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Inflation in October came in lower than expected in the US (7.7% vs 7.9% expected). One key factor is that owner equivalent rent (OER – see Graph) decelerated from 4.2% to 3.9% which is very important as Shelter (rents) represents 32.7% of the CPI weight. OER is assessed by asking home owners how much they could rent out their place. It indicates that leveraged households are starting to become worried that the real estate market is turning on them as inventories build up, valuations are very expensive and many moved during the Covid-19 crisis to expensive real estate, in decisions that were taken too quickly.
With better than expected inflation, the market is now speculating on fewer rate hikes ahead of a pause and an eventual Fed pivot. A pivot is defined simply as a change of direction in terms of monetary policy – in this case towards easing, when the Fed has actually flagged an extended pause to assess the impact of past monetary tightening. A pivot makes sense to the market because the Fed historically overtightens monetary policy so that households and corporates see clearly a slowing inflation & growth mix when much of the impact of monetary policy will be felt four to eight quarters down the road. Once, the Fed wins the game on inflation, it eventually eases with falling inflation. The difference this time around is that the market expects a far more rapid fall in inflation than history suggests (we agree) and a pivot in 2024 which is likely (see Graph below of Fed Funds Rates). Most expectations are for a shallow recession in the United States (i.e. no severe crash in the housing market) reinforced by a restrictive fiscal policy as it seems the Republicans will have a slim majority in the House. That makes it likely that in 2024, we see a cycle of monetary easing.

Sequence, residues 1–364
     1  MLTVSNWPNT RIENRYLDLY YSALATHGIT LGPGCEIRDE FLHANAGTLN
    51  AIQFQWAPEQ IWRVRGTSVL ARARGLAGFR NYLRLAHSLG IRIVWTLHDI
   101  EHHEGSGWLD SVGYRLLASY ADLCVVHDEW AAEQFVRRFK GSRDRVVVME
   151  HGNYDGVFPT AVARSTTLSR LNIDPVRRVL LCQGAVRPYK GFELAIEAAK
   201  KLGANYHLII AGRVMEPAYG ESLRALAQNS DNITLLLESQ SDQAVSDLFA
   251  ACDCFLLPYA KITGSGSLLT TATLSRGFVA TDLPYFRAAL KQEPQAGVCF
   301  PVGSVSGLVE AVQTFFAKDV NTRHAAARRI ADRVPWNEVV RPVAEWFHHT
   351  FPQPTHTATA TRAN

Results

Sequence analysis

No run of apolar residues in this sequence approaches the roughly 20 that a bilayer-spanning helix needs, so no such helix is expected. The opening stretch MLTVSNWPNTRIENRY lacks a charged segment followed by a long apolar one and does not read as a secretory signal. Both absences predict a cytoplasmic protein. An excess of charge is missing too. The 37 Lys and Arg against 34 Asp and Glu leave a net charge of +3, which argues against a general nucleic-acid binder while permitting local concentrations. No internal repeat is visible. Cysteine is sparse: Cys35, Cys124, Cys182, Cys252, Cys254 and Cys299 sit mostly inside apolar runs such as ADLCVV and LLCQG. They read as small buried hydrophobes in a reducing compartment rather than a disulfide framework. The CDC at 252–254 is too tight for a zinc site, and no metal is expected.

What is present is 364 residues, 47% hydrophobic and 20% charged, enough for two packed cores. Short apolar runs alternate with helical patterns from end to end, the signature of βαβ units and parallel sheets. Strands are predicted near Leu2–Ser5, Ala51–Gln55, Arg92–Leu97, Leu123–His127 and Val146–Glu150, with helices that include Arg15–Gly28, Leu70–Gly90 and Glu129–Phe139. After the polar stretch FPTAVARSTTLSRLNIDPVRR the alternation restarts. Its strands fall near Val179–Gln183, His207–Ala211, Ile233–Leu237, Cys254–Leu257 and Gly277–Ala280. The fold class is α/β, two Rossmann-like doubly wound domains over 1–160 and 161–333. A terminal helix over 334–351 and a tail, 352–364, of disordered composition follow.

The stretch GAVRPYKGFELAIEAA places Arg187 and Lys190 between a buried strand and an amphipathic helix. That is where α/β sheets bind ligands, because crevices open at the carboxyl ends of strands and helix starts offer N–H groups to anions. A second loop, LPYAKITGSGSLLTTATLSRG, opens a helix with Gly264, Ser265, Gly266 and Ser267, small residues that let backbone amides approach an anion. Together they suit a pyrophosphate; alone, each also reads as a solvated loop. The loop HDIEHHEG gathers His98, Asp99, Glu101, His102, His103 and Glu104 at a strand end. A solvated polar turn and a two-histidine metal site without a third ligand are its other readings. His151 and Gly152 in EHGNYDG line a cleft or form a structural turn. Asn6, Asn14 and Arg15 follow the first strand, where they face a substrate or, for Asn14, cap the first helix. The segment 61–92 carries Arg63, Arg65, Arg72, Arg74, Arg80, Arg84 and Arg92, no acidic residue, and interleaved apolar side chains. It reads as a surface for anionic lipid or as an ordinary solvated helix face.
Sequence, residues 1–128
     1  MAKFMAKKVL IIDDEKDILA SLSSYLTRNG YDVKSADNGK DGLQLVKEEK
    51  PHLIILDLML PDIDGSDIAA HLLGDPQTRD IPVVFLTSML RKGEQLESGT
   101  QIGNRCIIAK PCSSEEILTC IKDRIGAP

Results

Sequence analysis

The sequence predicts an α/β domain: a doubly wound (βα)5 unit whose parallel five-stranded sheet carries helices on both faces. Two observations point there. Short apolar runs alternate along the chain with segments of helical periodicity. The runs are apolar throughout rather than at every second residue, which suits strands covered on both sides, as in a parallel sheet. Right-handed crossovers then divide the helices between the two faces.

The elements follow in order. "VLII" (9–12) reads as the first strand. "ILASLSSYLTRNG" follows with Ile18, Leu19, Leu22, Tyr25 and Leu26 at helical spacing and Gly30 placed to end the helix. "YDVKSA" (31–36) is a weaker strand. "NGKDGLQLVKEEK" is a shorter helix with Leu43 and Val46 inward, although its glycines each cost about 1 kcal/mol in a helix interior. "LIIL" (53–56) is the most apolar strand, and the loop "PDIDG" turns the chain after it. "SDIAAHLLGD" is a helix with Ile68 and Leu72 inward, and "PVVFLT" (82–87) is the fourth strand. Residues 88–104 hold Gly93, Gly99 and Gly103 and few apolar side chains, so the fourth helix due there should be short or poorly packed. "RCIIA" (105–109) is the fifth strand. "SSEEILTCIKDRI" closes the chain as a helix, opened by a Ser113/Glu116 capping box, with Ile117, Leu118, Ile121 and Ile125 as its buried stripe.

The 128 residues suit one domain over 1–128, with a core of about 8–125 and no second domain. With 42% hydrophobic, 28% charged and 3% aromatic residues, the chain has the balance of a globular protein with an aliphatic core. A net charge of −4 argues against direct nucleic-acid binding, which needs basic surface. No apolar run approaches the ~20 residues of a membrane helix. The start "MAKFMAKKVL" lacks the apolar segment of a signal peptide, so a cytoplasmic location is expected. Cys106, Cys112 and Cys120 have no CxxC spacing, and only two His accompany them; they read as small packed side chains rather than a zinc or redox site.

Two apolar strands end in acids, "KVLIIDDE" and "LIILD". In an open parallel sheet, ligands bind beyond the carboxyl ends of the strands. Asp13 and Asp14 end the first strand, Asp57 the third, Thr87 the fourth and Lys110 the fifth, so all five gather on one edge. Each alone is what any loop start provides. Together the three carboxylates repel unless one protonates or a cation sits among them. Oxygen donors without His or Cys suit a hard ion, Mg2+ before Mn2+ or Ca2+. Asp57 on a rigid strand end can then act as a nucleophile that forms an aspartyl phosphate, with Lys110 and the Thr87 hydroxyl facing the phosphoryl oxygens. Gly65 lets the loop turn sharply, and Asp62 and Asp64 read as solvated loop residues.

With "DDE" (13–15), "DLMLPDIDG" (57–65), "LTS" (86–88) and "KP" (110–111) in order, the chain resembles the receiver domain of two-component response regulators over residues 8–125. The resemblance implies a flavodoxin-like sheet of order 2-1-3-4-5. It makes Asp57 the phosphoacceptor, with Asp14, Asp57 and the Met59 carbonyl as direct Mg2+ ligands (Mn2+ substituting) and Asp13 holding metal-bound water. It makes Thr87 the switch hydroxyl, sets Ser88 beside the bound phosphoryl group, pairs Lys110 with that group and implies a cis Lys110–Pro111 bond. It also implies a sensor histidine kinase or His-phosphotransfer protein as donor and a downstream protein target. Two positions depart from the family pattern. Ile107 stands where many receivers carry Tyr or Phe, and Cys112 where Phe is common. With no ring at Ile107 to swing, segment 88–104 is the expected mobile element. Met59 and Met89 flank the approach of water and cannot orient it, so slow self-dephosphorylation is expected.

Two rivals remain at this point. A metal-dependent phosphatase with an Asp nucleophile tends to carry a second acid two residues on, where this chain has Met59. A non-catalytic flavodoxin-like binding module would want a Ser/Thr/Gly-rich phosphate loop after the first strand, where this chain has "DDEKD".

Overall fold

US midterm elections – No red wave
The Midterm elections were not the Red wave Republicans were hoping for following the shock to households of very elevated inflation. This shock was largely a function of the Democrats deciding to run the economy hot to favor less skilled workers, a Fed which had changed its inflation & growth mandate to favor this and dysfunctions in the supply chain.
Many Trump backed candidates failed to perform, putting Donald Trump on the defensive on what was expected to be the announcement of his presidential candidacy. Results are still uncertain with Republicans likely winning a small majority in the House, while the Senate stays Democratic. There are a few points afferent to this:
1. A fiscal contraction is likely with the House controlled by Republicans. Decisions on any fiscal deal will require the cooperation of individuals who will seek advantages for their constituency. This could drag the US into a technical default if Democrats take a risky strategy of trying to force Republicans into looking fiscally irresponsible.
2. Ron DeSantis with a solid win in Florida is now a major national figure potentially eclipsing Donald Trump in the Republican party. DeSantis can be described as preferring spending cuts, a Ukraine Hawk, somewhat pro-climate change, an immigration hawk and someone who would audit the Federal Reserve. That makes him a far more mainstream candidate than Trump but still within a movement, he would most probably eventually leave for his own.
3. Pressure on Joe Biden is likely to build in the Democratic party to leave the way to a more viable candidate able to confront what may well be DeSantis. Possible candidates according to The Hill are Transportation secretary Pete Buttigieg, Michigan Governor Gretchen Whitmer with Dems controlling all three branches of government and California Governor Gavin Newsom with a solid win.
What does it mean?
As the odds of a Fed pivot increase, we should see some bouts of outperformance of equities. The reality though is that it also reflects lower profit margins as demand slows which means still some equity volatility ahead. In such a scenario, we prefer to be long equities that offer robust cash flows in a slowdown and not too expensive valuations. The spiral of risk taking into fixed income products could take a few short months. It should start first with sovereign long-dated fixed income as odds of a Fed pivot increase, then credit as the bottom of the economic slowdown is priced in with its consequent default rate. Over weeks, the ability to forecast the mix of growth & inflation and resulting ability to forecast the Fed’s policy & corporate default rates should improve helping a broad swath of financial assets.